You hear that free markets and free people go hand in hand. That this ideology spread throughout the world because people wanted it, because they wanted their Reaganomics with their Big Macs after the Berlin Wall fell.

This is the official story.

When Milton Friedman died in 2006, there was a retelling of that official history. The merging of the idea of this radical vision of free markets with democracy, the two-for-one deal that has been sold to us by people like Francis Fukuyama.

So I’m telling the same history, the same chapter, but I emphasize different key dates.

Many people when they tell the story they begin with Thatcher and Reagan. I begin with Pinochet—because that’s really when it began. It is a victor’s history, the one that we get. It has been cleansed of the unflattering details like the fact that it started under a military dictatorship…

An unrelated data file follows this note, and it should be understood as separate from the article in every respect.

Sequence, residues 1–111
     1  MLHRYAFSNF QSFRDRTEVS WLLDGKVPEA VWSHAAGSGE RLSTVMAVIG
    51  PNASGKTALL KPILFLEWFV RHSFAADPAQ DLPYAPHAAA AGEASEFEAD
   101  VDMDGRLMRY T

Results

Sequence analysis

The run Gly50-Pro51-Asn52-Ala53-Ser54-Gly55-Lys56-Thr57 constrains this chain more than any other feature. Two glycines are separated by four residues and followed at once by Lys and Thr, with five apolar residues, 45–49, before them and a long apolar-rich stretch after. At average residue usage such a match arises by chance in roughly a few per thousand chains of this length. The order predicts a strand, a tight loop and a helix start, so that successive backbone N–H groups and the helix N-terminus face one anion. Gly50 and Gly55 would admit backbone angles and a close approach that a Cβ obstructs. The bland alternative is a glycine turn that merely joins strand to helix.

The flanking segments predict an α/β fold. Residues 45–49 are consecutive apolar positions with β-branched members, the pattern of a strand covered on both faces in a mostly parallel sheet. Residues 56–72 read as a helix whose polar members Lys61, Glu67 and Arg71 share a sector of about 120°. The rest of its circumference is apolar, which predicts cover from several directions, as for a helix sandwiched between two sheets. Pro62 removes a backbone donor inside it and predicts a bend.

The idea of what was called the Chile Project—the idea of bringing Latin American students, their tuition paid for by the US government and later by the Ford Foundation, is that by training this group of students, under these very radical Right Wing economists [the Chicago School of Economics], that they would be a counterpoint to the Socialists in Latin America and now it would be a battle of ideas.

So the influence of the University of Chicago and the influence of Friedman under the Juntas of South America—and hundreds of students went through these programs. It extended from Chile to Argentina to Mexico, Brazil—the influence went well beyond Friedman. It was that a generation of politicians was trained in this radical ideology. They went on to be finance ministers, heads of the central bank; they went on to work for the IMF and the World Bank and they were really the proselytizers of this ideology….”